When I built this tiny house, my brother gave me the first annual Andrew Henry Award. The tiny house inspired him to follow his own dream of buying the boat he's always wanted. There will be years of renovating before it's seaworthy, but he's calling his Florida Trawler "Andrew Henry."
Interestingly, Doris Burns lived in her own tiny house when she wrote her books.
"According to the blurb accompanying that book, her studio was "a small cabin where she spends the day at work after chopping enough wood to keep the fire going through the day, hauling two buckets of water from the pump for washing brushes and pens and brewing 'a perpetual pot of tea'". In 1965 Waldron Island was without electricity, telephone service, running water or merchants. All of her goods and supplies were brought by boat from the mainland." Wikipedia (Note – since I still own the book, I can verify that this is what the blurb says.)
In any case, reading Andrew Henry's Meadow was life changing. It planted the seed of a tiny house, dozens of books germinated the seed, and Tumbleweed's workshop fertilized it. The plans made all the difference. Without them, I wouldn't have known where to begin. Obviously, Bob St. Cyr and his class did 95% of the hard labour. Sure I paid the bills, and I wielded the odd hammer, but the little house only exists because of Bob, Bob's class (especially Denny and Aaron).
Thanks so much. I'll send a final blog after all the finishing details and decorating are done.
We put the little house to sleep in November – we drained the water and locked the doors. That was pretty much it.
When the roofers came they missed some areas that needed caulking, so we recorded all of these, used some tape to show where the problems were and hopefully it will get fixed asap.
Though the daytime weather was beautiful (13 degree celcius), it was quite cool in the evening. Still we were toasty warm. I guess two people in a tiny space generate a fair bit of heat. We didn't notice this in the summer because the windows were always open, and even in the warmest weather we stayed cool. Conversely, we're staying toasty in lower temperatures. We didn't use a heater, though we had a little ceramic one. We turned it on for about 15 minutes, and then it just wasn't necessary. We've got good sleeping bags so maybe that makes a difference. Someday, I might install propane. For now, this will do. We're not staying there in the winter for more than a night or two so this won't be a problem short term.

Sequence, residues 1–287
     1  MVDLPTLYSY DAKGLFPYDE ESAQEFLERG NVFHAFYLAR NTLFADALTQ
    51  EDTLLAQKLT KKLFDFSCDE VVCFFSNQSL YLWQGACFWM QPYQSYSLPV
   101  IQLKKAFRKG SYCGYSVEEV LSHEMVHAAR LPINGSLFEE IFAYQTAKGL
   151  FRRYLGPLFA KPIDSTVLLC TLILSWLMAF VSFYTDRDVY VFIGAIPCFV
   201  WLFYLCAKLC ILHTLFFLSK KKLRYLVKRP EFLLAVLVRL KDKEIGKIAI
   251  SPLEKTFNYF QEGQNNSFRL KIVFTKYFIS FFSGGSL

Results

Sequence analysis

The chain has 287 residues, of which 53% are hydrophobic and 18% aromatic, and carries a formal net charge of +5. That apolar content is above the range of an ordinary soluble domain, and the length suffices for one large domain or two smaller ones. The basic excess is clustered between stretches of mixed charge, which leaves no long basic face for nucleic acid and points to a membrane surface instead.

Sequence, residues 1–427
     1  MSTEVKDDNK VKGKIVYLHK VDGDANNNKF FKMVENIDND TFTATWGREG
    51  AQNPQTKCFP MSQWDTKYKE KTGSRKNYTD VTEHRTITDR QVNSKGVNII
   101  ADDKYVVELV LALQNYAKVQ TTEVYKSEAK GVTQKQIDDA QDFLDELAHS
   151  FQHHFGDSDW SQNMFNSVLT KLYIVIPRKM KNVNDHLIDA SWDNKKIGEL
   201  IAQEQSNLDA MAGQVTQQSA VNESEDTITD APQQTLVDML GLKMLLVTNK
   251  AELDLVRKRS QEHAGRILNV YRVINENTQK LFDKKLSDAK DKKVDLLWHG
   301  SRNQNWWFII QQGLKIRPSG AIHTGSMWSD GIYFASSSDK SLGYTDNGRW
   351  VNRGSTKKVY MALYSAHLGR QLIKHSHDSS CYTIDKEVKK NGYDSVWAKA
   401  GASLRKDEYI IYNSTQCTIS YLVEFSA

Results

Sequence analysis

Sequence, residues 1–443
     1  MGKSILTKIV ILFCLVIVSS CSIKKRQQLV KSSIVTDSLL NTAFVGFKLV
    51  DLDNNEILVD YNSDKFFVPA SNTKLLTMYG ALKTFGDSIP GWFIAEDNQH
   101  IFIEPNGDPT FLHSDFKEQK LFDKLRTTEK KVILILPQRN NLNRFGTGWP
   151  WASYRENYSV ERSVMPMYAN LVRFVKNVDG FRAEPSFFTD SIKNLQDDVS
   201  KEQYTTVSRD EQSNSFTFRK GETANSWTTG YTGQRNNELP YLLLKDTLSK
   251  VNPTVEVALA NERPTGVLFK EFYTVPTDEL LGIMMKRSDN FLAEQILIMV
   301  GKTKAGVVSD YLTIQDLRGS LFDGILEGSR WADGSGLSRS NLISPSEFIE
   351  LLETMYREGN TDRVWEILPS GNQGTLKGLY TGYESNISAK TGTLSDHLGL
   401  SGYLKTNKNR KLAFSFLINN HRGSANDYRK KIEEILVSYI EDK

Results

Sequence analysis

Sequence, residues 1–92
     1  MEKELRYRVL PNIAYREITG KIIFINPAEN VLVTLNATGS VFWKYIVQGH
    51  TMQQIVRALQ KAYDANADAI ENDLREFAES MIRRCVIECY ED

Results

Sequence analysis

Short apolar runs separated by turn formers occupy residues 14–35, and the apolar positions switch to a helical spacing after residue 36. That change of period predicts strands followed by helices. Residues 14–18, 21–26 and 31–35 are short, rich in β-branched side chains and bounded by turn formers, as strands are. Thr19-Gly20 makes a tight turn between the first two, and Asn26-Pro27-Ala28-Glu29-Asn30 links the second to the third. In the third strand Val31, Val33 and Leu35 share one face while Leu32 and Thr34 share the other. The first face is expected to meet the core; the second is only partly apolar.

I love sleeping under the eaves and hearing the rain fall, it makes me fall asleep with a smile.
The little couch is actually a dog bed that belonged to my Gram. It just fit through the tiny door. We had to take the door off its hinges to fit it in, but it worked. Of course, now I wish the dog bed was a few inches longer so it would butt up right to the walls. The stool is also ancient. I haven't brought anything new into the tiny house for furnishings and that's satisfying. I did buy material for the dog bed cushion and stool, but even that was bought on sale and I did the sewing myself.
For six years, Dee Williams has been living in her tiny Tumbleweed home and championed the cause for the Small House Movement.
"I sold my big house and got rid of most of my stuff, limiting myself to about 300 things -- that was everything from heels and a toothbrush, to a couple of dinner plates and a two-ton jack. I then bought a set of plans from Tumbleweed. Four months later I had my tiny dream house."
Dee focused on using recycled materials, and spent just $10,000 building her tiny home. Using her home to promote a shift in consciousness, Dee has been featured on the cover of YES! Magazine, online videos, and opens her home regularly for local house tours. Dee has also written her own eBook called Go House Go. This mini-booklet focuses on how to connect a tiny house to a trailer, and how to keep the walls and roof from twisting, leaning or buckling. Also included is information about moisture control and a common list of building materials.